11.08.2020

Join the discussion! „Snitchers, Tattletales, and Whistleblowers“ at Arvamusfestival on August 14 at 16-17:30

Whistleblowing is not seen as a favoured phenomenon in Estonia. People who dare to speak up against injustice or fraud are usually beaten down by the criticism from the society, or even worse: their colleagues, friends and family.

Nevertheless, the lack of legislative support to whistleblowers is ought to change by the end of 2021 when the EU directive on the protection of people reporting abuses of the Union law will be incorporated into the Estonian legislation. The directive sets concrete standards how both, companies as well as public institutions will have to ensure the confidentiality and protection from retaliation of the whistleblower.

Encouraging employees to report wrongdoing, and protecting them when they do, is essential for corruption prevention in both the public and private sectors. Whistleblower protection is vital in order to safeguard the public interest and to promote a culture of public accountability and integrity. Workers are often the first people to witness any type of wrongdoing within an organisation. The information that workers may uncover could prevent wrongdoing, which may damage an organisation’s reputation and performance, and could even save people from harm or death.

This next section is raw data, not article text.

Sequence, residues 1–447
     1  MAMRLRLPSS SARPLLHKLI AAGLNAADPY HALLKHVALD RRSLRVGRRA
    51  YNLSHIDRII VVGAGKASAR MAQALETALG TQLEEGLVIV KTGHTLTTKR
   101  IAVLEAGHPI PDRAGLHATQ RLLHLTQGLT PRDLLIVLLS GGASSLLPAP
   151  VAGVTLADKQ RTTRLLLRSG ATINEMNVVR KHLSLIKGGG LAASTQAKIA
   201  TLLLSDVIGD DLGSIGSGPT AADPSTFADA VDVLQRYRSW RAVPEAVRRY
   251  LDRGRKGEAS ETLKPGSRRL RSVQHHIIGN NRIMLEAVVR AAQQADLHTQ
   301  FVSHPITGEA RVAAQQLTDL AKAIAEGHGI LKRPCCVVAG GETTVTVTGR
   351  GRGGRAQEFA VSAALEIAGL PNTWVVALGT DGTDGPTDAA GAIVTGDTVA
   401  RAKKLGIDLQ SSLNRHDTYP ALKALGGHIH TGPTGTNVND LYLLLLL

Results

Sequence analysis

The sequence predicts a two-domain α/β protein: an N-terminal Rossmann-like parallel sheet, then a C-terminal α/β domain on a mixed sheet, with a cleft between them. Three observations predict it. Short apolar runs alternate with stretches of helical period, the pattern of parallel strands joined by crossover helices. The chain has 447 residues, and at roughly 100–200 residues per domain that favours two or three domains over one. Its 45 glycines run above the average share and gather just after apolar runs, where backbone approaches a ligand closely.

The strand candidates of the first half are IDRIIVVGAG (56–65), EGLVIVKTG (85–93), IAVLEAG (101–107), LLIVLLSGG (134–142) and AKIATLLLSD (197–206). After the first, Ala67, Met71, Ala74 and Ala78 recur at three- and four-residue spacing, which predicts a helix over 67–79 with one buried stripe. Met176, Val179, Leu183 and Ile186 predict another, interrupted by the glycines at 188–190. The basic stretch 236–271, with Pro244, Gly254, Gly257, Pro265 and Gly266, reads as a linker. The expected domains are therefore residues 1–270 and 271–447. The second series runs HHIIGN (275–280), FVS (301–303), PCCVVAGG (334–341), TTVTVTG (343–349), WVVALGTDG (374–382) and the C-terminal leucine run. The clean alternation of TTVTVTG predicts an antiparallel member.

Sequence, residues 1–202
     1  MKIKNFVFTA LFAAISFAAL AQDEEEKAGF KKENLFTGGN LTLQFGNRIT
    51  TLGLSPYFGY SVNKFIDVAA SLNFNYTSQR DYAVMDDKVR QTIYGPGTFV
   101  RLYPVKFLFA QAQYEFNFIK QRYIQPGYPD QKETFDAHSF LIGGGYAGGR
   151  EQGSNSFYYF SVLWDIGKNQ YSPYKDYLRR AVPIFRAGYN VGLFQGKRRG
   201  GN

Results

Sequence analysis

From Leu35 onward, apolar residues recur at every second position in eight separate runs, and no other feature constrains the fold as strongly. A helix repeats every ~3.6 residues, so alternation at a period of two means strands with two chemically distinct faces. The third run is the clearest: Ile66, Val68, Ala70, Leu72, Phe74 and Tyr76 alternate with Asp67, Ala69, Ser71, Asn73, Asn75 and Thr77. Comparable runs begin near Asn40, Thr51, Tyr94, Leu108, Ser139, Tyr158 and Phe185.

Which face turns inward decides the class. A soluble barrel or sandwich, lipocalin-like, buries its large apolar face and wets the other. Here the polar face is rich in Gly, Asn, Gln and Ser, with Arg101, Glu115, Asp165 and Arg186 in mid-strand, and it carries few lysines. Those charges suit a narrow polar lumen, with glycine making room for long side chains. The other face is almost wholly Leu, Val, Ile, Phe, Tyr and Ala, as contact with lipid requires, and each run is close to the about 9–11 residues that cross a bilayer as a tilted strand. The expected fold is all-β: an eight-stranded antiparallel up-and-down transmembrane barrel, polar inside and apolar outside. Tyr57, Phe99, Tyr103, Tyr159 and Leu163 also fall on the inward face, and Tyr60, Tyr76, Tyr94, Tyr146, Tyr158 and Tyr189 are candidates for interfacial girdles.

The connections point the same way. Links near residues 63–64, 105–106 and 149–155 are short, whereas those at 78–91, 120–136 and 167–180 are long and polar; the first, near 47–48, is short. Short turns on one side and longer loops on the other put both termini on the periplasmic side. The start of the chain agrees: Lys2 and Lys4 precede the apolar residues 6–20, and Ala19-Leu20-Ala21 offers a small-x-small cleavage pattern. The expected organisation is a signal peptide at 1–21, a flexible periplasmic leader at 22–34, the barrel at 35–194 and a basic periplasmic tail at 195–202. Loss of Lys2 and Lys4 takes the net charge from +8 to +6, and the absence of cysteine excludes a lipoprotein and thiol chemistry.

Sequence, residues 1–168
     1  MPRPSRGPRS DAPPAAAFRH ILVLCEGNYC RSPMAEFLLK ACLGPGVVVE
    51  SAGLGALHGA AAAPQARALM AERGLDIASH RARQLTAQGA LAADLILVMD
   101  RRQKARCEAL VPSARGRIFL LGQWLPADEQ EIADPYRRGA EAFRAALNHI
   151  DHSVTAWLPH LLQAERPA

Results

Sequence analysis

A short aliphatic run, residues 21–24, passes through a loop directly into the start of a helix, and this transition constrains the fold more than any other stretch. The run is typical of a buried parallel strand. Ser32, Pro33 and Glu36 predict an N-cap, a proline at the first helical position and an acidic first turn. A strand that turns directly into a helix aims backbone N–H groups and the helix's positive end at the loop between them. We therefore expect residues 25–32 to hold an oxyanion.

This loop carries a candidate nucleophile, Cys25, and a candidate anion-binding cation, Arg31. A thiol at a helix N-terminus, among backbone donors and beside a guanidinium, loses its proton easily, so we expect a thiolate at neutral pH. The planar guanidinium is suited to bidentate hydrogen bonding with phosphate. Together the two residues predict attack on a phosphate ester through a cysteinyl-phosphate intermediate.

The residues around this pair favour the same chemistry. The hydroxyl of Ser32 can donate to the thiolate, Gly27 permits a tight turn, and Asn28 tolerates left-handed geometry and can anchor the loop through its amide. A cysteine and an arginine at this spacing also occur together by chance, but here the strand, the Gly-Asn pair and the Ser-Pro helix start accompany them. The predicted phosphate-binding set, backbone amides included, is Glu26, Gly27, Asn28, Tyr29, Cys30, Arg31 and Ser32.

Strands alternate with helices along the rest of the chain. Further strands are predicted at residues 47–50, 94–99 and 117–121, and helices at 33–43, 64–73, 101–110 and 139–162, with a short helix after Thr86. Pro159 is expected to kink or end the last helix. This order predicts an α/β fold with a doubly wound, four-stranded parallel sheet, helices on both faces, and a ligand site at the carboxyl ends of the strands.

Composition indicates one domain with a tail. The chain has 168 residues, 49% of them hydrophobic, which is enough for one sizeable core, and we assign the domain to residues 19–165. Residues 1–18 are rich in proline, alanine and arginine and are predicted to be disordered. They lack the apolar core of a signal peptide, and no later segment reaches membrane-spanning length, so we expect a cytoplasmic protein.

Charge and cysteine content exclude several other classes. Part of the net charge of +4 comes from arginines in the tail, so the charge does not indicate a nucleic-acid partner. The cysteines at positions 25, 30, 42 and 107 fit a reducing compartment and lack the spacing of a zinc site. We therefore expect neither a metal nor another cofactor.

Still, the question remains - can a law change systemic and historic attitudes to the better? What are companies and public institutions already doing in relation to whistleblowing protection and what must be improved?

 

Come join the discussion at Arvamusfestival in Paide, Estonia on August 14 at 16-17:30. The discussion will be broadcast live on Norden's Facebook page.

 

Panelists:

  • A company case from Estonia, Tõnis Sepp, Eesti Energia AS
  • Whistleblowing case in Estonian media, Martin Laine, Ekspress Meedia, Investigative Editorial Office, Reporter
  • Changes in the legislation - What must the authorities and companies do? Mare Tannberg, Estonian Ministry of Justice

Moderator: Carina Paju, Executive Director, Transparency International Estonia
Language: English, interpretation into sign language (Estonian)

 

See more at Arvamusfestival's website.